Feeds

Microsoft founder opens PDP fetish site

Tap an old box

Top 5 reasons to deploy VMware with Tegile

Microsoft co-founder Paul Allen has expressed his undying love for DEC's PDP computer in a very public fashion - he's created a website dedicated to the machine.

PDP Planet went live today as a way to commemorate the venerable line of DEC systems. The site includes scintillating photos of PDP computers - some of which have their motherboards and backplanes exposed. In addition, the site has some racy restoration stories and allows you to "log-in" to a pair of PDPs that have been brought back to life.

"Registered users from around the world can telnet into a working DECsystem-10 or an XKL Toad-1, create or upload programs, and run them - essentially stepping back in time to access an 'antique' mainframe," Allen said in a statement. "Demonstrating how computing was conducted before the convenience of today's powerful desktop, laptop and palm devices, PDP Planet will give users an appreciation of how it felt to be an early programmer."

Here's hoping Allen never decides to set up a site to let users know how it felt to be an early Windows user, since the experience is bad enough for modern folks.

Such barbs aside, we're always impressed to see Allen - and Bill Gates, for that matter - do their part to preserve computing history. Allen's online PDP site complements the awesome physical and virtual archive at the Computer History Museum in Mountain View.

The PDP stands as one of the great machines in computer and server history. It ignited a trend to put powerful computers in the hands of business of all sizes, instead of just government and corporate giants. It also freed up compute power to individuals.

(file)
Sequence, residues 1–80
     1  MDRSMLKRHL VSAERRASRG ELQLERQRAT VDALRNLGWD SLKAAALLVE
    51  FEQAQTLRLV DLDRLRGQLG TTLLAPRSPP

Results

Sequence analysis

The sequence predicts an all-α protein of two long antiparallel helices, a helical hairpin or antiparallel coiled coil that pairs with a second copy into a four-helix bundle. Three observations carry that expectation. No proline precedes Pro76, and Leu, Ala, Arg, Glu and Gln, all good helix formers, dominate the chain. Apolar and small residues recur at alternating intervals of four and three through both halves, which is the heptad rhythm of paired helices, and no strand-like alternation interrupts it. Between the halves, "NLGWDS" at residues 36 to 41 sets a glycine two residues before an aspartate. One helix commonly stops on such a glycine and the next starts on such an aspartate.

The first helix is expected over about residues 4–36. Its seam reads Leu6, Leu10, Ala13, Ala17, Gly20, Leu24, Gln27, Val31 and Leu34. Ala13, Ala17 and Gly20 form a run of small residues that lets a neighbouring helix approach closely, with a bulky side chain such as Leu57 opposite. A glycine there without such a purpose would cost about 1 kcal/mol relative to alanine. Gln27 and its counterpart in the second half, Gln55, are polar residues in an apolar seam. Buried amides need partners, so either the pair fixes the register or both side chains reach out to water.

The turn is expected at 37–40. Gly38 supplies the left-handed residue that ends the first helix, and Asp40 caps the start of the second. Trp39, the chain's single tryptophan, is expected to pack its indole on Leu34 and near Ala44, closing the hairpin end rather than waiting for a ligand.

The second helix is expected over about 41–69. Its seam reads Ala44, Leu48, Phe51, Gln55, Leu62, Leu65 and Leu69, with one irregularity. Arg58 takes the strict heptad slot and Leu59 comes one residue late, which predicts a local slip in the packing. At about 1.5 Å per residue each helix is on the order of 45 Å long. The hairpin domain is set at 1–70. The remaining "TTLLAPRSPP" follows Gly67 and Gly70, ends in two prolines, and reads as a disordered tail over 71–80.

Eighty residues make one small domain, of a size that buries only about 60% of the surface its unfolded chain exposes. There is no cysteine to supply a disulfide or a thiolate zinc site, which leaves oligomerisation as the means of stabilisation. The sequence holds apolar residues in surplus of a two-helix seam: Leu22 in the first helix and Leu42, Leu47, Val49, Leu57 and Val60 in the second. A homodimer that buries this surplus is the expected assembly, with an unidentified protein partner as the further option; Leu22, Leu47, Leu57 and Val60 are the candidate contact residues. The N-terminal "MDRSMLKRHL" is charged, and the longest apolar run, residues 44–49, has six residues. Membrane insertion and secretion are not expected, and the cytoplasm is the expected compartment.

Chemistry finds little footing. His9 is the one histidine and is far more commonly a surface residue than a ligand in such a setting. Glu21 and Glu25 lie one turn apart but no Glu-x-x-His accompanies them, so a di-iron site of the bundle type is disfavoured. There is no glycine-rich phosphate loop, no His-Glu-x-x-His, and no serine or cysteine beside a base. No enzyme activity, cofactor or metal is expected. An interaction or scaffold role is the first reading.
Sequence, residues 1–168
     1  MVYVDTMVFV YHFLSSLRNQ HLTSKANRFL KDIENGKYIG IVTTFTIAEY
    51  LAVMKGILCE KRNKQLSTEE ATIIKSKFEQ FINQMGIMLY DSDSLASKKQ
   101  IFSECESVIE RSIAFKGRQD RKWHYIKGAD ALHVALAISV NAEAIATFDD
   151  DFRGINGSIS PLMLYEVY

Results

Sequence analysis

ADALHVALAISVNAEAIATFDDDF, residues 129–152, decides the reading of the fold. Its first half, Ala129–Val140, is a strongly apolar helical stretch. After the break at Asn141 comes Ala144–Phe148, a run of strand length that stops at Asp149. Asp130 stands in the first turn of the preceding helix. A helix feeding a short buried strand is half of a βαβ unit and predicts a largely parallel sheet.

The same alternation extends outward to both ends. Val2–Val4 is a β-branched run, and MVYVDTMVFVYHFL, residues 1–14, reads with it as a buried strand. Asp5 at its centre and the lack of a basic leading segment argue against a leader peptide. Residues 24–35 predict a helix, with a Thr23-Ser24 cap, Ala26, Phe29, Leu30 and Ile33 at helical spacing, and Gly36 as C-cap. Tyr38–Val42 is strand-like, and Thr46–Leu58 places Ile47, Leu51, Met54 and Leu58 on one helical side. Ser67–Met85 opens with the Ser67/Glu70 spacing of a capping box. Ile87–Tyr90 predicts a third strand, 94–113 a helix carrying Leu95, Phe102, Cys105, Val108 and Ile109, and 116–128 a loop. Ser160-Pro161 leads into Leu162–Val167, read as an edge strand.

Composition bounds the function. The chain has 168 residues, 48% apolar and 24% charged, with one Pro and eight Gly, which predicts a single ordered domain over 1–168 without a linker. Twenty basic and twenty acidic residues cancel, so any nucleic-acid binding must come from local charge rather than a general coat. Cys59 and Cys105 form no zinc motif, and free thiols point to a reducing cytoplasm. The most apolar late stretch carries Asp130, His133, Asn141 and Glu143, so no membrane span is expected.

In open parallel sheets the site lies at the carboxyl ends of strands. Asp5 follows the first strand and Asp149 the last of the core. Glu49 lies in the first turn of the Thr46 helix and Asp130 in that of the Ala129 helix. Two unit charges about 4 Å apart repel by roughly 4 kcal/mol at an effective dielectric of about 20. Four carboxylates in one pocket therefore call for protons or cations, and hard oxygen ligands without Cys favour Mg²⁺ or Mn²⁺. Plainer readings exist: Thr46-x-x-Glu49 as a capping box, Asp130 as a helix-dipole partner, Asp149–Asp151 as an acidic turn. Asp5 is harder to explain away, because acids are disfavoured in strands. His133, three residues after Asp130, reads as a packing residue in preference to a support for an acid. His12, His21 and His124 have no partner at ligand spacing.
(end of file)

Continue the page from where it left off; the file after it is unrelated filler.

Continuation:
"PDP Planet fulfills my dream to find a way to preserve the achievements of early computer engineers," said Allen. "With running versions of these machines via the website, we now have a place that recognizes the efforts of those creative engineers who made some of the early breakthroughs in interactive computing that changed the world."

We recommend looking at this article on the PDP-6. It's stored on the website of then DEC chief engineer and now Microsoft fellow, Gordon Bell - a man who has become synonymous with improving the price/performance of computers.

You'll find PDP Planet here. ®

Beginner's guide to SSL certificates

More from The Register

next story
It's Big, it's Blue... it's simply FABLESS! IBM's chip-free future
Or why the reversal of globalisation ain't gonna 'appen
'Hmm, why CAN'T I run a water pipe through that rack of media servers?'
Leaving Las Vegas for Armenia kludging and Dubai dune bashing
Microsoft and Dell’s cloud in a box: Instant Azure for the data centre
A less painful way to run Microsoft’s private cloud
Facebook slurps 'paste sites' for STOLEN passwords, sprinkles on hash and salt
Zuck's ad empire DOESN'T see details in plain text. Phew!
CAGE MATCH: Microsoft, Dell open co-located bit barns in Oz
Whole new species of XaaS spawning in the antipodes
AWS pulls desktop-as-a-service from the PC
Support for PCoIP protocol means zero clients can run cloudy desktops
prev story

Whitepapers

Cloud and hybrid-cloud data protection for VMware
Learn how quick and easy it is to configure backups and perform restores for VMware environments.
A strategic approach to identity relationship management
ForgeRock commissioned Forrester to evaluate companies’ IAM practices and requirements when it comes to customer-facing scenarios versus employee-facing ones.
High Performance for All
While HPC is not new, it has traditionally been seen as a specialist area – is it now geared up to meet more mainstream requirements?
Three 1TB solid state scorchers up for grabs
Big SSDs can be expensive but think big and think free because you could be the lucky winner of one of three 1TB Samsung SSD 840 EVO drives that we’re giving away worth over £300 apiece.
Security for virtualized datacentres
Legacy security solutions are inefficient due to the architectural differences between physical and virtual environments.